In “And Everything Is Going Fine,” monologist Spalding Gray narrates his life from beyond the grave in Steven Soderbergh’s inspired collage. Soderbergh had collaborated with Gray on the monologue film “Gray’s Anatomy” (1996), about the writer’s failing vision, as well as directing one of the most convincingly grim portraits of a despairingly doomed writer in “King of the Hill” (1993). Gray died in 2004, a likely suicide off a ferry after an earlier accident had damaged his lucid, limber memory. Soderbergh’s knack for fluid, inventive editing serves him well in this refined narrative, drawn from a reported ninety hours of original footage. Gray said he was dyslexic, and had said he remembered the previous telling when he performed more than he would recall a set text or consult his familiar notebooks or a tall clear glass of water. In its accomplished form, “And Everything…” replicates that organic palimpsest that existed only in the unique formations of one man’s brain. And not to forget, what a funny guy. What an observant man. What an estimable artist. Soderbergh didn’t carve a monument: he finished a sentence. Or, rather, allows Gray to finish his many sentences: he’s the sole narrator, his solitary subject, in this final version of all his tale-telling and truth-digging. The ending “lamentation” is discovered, found, observed, and perfect—the hearing of a kindred spirit. (89m. HDCAM video.) (Ray Pride)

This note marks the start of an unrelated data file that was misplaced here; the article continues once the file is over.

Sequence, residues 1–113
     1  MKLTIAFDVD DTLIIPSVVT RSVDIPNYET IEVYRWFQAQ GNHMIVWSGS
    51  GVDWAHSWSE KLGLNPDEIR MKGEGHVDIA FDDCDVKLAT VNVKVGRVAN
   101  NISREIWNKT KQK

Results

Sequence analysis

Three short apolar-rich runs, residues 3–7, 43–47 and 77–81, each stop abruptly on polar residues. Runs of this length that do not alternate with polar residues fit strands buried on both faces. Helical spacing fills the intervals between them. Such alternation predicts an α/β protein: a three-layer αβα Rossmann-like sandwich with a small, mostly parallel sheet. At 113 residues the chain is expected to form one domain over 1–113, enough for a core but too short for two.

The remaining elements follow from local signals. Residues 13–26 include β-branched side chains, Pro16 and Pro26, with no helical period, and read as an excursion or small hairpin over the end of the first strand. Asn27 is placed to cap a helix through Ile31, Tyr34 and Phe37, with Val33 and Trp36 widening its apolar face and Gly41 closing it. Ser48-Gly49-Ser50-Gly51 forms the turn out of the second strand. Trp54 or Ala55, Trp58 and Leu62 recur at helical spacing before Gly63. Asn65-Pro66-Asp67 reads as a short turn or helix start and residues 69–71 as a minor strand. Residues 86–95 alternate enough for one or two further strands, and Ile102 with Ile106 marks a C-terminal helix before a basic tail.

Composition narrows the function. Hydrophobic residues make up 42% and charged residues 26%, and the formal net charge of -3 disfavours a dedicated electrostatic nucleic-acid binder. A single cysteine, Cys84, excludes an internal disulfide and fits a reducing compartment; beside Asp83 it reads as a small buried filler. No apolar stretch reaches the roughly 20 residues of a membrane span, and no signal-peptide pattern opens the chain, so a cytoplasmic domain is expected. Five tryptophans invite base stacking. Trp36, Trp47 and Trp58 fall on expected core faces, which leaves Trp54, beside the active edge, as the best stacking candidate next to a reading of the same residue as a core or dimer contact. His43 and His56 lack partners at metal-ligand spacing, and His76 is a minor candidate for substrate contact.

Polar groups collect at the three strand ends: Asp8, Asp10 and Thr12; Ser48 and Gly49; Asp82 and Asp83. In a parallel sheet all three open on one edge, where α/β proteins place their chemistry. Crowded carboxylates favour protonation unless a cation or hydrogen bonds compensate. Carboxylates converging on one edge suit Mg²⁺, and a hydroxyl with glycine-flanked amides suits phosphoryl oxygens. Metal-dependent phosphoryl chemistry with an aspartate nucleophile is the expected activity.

“And Everything Is Going Fine” opens Friday at Siskel.
Ray Pride is Newcity’s film critic and a contributing editor to Filmmaker magazine.
His history of Chicago “Ghost Signs” in words and images will be published in Spring 2022.